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Que Langdon is settled in NZ after 27 days lost at sea

Alan Langdon made international headlines when he sailed with his daughter Que to Australia. For 27 days her mother didn't know where she was. Now, one year on, Que and her mother reflect on the ordeal.

Her adventurous early childhood was spent sailing the world on her parents' yacht, but most of the time, gorgeous sun-kissed Que Langdon is just like any other giggly seven-year-old girl.

"This is my new doll, Matilda," she whispers, swaddling the plastic baby up in a blanket with her favourite soft toy. "And if you give her a bottle, the water comes out the other end!"

Her Swiss-born mother Ariane Wyler, 37, laughs. "Que isn't a girly girl – she's into the beach, swimming, anything active and outdoors. The doll is a new obsession. I guess it is part of Que discovering more about herself and her new life."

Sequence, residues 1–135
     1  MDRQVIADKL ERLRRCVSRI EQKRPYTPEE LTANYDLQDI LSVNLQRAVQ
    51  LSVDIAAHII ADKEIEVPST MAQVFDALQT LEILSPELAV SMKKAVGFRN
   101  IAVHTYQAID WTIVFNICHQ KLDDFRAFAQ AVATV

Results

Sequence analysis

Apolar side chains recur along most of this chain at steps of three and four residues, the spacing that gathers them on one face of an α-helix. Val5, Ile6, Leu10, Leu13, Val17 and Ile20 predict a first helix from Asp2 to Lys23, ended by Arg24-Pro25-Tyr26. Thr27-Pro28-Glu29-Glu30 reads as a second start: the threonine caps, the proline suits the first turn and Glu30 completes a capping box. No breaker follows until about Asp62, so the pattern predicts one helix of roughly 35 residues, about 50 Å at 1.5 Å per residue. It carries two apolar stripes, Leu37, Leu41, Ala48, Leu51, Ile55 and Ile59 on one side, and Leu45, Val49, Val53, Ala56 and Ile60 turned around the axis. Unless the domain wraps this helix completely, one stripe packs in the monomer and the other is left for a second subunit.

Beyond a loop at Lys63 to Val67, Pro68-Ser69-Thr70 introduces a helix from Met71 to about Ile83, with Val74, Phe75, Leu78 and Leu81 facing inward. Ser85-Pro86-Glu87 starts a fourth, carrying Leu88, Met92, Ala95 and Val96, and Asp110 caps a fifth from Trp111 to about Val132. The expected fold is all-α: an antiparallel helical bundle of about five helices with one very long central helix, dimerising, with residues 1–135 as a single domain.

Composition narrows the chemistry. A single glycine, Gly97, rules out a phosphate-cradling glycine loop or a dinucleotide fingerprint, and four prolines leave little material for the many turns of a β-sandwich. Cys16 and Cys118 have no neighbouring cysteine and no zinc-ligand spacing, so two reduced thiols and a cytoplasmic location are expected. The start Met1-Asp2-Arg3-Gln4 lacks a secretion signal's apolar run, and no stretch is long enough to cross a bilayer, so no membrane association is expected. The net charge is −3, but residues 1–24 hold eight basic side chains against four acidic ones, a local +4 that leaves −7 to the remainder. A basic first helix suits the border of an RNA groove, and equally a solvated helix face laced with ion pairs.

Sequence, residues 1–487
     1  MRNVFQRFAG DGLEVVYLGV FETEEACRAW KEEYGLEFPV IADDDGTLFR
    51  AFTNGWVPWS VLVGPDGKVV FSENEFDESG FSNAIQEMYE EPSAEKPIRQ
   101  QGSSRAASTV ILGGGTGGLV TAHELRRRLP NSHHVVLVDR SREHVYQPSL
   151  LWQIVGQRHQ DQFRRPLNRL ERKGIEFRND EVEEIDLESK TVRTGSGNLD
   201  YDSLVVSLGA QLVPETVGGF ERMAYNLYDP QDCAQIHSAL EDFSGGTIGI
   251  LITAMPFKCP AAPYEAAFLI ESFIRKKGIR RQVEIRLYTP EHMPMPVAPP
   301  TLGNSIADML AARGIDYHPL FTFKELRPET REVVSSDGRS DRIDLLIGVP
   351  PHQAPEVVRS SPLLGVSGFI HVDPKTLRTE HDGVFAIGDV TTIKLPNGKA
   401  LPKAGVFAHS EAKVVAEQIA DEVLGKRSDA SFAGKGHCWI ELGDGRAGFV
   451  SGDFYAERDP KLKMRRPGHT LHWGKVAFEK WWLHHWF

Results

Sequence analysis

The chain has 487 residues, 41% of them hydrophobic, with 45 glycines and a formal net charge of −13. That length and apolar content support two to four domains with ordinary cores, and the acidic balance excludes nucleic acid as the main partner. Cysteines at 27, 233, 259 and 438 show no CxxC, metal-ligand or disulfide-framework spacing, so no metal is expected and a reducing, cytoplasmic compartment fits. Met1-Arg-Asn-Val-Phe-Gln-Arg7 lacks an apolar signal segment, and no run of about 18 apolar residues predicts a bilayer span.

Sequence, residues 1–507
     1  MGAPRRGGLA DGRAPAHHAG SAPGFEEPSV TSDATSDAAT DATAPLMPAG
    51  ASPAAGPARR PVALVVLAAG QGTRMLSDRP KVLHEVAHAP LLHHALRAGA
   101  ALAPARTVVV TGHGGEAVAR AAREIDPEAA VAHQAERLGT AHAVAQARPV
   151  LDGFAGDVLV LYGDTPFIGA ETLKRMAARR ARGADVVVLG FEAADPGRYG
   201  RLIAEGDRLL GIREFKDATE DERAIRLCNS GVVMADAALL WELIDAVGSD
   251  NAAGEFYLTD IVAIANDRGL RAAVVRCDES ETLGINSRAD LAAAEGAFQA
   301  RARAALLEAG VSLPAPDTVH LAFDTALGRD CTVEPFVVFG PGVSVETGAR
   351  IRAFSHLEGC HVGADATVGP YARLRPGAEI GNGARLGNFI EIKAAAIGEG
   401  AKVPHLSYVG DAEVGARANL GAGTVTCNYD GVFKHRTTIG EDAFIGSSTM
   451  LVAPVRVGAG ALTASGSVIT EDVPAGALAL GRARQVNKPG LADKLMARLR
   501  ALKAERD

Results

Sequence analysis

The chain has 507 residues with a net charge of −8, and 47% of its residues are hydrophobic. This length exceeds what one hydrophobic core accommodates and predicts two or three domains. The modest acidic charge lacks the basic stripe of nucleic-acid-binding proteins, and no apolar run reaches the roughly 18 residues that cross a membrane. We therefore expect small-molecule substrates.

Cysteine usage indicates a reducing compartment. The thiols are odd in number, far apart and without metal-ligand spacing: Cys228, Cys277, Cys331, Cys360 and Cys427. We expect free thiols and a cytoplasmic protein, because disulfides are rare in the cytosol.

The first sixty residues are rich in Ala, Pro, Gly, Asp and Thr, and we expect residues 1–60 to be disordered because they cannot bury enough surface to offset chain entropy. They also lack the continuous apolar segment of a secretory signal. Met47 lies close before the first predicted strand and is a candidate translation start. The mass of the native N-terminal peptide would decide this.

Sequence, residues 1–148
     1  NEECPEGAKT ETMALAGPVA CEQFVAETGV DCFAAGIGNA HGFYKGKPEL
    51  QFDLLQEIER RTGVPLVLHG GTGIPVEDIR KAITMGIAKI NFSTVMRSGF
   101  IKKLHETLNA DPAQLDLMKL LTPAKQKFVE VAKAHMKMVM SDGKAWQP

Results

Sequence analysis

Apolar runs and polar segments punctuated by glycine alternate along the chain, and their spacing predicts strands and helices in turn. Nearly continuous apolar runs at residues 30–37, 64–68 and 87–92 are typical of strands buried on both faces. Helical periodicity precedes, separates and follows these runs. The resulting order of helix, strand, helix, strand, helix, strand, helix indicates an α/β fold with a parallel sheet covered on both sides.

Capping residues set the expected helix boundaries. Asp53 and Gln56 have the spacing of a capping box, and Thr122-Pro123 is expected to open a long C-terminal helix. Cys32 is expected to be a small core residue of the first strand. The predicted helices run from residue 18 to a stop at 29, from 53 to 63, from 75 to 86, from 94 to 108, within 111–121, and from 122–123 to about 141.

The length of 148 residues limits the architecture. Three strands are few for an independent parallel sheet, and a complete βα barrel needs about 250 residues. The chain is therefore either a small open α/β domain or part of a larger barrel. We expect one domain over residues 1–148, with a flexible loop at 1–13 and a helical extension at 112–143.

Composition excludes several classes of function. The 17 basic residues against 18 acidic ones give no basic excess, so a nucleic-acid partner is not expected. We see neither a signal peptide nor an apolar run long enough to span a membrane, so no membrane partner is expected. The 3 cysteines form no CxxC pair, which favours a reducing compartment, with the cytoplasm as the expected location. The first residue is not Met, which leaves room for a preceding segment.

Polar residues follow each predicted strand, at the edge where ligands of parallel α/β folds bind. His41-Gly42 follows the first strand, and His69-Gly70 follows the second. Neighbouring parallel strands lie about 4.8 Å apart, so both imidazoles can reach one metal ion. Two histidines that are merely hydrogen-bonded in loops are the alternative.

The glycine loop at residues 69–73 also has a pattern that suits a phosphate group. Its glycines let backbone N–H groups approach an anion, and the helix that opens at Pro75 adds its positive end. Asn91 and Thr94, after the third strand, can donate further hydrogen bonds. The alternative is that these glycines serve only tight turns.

Last summer, Que and her father Alan Langdon made headlines around the world when they set sail from Kawhia to the Bay of Islands in their 6.1m catamaran – then simply disappeared. Ariane and Alan had been tussling over access to Que, and the mother had hardly seen her girl in two years.

An international search was launched by the coast guard, border patrol and Interpol, yet for nearly a month, nothing was heard of the father and daughter duo – and a grief-stricken Ariane had no way of knowing if her only child was even alive.

In an exclusive interview at the time, she told Woman's Day the only word to sum up how she felt was "wretched".